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Project Summary
Ethics Approval Number:
2013/091
The Relationship Between the Hemispheric Polarity of Emotional Valence and Handedness
Project type:
4th Year Bachelor of Psychology / PgDip
Student Investigators: Ben Adler, Narelle Brown, Abbey Butcher, Graham Goodall-Smith, Hayley Gregson, Rachel Sam.
Supervisor: Dr Jeff Coney

At the moment there has been substantial research done on why humans display a hand preference when they are undertaking a task. Previous research has explained hand preference from the perspective of evolution, genetics, social pressure, a “right biased” world and a combination of an individual’s motor learning capacity and exposure to environmental bias. The purpose of this study was to investigate a new theory that links hand preference and positive feelings.

The study aimed to explore whether most people are right-handed rather than left-handed, because, as a young child, they were rewarded by more positive feeling when they use this hand as they are activating the left hemisphere of the brain. As an addition to this, we looked at left-handed people to see if they had a reversed emotional polarity across the brain, that is, they experience positive feelings when the right hemisphere is activated.

The current study involved 81 left- and right-handed, male and female, adult participants completing a computer-based word recognition and face recognition task. The word task contained both words and non-words. The words were positive, neutral or negative. The participants were asked to fixate on a black cross that was centrally displayed on a screen, with a word presented immediately after to either the left or right visual field. The participants then had to make a “go” or “no go” judgement for the word task based on whether it was a word or not. Reaction times and error rates were recorded. The same was done for the face task, however, the only difference being that the faces were only either positive or negative and the participant had to make a choice (forced choice procedure).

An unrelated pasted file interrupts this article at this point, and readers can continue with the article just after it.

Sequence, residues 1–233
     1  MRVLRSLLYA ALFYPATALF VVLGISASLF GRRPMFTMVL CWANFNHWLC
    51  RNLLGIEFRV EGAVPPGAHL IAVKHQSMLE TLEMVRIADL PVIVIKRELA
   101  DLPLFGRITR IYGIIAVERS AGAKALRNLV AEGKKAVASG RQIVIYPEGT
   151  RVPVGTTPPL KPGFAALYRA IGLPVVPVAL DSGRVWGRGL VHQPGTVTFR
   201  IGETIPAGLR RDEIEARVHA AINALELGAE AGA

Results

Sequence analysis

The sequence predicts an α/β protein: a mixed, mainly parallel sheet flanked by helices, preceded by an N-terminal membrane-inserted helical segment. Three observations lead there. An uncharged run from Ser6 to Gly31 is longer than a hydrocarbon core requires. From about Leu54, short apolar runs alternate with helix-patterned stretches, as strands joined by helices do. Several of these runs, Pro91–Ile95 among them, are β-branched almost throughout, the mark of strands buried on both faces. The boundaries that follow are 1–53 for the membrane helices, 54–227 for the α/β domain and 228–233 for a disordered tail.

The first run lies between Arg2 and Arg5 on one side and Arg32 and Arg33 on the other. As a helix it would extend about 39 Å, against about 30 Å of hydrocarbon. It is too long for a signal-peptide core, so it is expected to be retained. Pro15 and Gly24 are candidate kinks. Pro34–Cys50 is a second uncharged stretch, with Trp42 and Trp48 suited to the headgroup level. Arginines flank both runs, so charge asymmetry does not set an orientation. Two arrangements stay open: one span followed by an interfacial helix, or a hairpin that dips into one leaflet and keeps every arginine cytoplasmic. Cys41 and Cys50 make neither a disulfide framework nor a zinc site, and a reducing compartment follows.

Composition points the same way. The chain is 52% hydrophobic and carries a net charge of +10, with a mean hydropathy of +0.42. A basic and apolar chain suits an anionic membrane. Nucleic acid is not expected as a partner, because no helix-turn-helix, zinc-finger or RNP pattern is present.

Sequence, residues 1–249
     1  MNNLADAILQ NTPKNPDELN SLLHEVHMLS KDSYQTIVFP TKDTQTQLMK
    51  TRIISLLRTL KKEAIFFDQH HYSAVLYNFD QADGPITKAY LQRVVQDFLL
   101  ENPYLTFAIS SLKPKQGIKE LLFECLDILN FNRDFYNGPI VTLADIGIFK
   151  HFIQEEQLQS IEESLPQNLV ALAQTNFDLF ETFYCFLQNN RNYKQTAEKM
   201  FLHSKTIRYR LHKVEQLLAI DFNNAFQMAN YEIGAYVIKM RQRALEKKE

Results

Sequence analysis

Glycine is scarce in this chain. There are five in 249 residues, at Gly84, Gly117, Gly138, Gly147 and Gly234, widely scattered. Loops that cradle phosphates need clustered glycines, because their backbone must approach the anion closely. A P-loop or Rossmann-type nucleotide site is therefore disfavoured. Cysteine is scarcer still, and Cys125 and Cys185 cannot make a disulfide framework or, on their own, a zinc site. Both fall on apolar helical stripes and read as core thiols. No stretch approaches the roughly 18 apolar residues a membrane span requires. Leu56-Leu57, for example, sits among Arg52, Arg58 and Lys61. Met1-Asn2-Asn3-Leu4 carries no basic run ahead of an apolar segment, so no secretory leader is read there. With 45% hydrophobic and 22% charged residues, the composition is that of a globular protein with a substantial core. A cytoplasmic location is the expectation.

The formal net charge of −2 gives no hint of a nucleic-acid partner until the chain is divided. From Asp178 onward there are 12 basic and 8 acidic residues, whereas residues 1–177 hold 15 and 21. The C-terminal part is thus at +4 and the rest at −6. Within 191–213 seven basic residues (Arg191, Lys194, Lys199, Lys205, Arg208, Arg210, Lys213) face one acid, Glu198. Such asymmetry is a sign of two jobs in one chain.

The results of the study indicated a significant difference in the processing of negative emotions between the two hemispheres of left-handed and right-handed people. The left hemisphere in left-handed people and the right hemisphere in right-handed people was more oriented toward the recognition of negative emotion. (The processing of positive emotions between the two hemispheres of left-handed and right-handed people, however, did not show any significant difference). This is quite a ground breaking discovery! It suggests that it is negative aversion, rather than positive inducement, that is the main driver behind the development of hand preference in humans. For most children, using the right-hand would only generate fairly neutral emotions, whilst using the left hand would generate negative emotions, so they develop a long-term aversion to their left-hand, and subsequently use their right. In left-handed people the opposite is found. Further research that used an electrophysiological approach to our study could provide stronger support to our finding.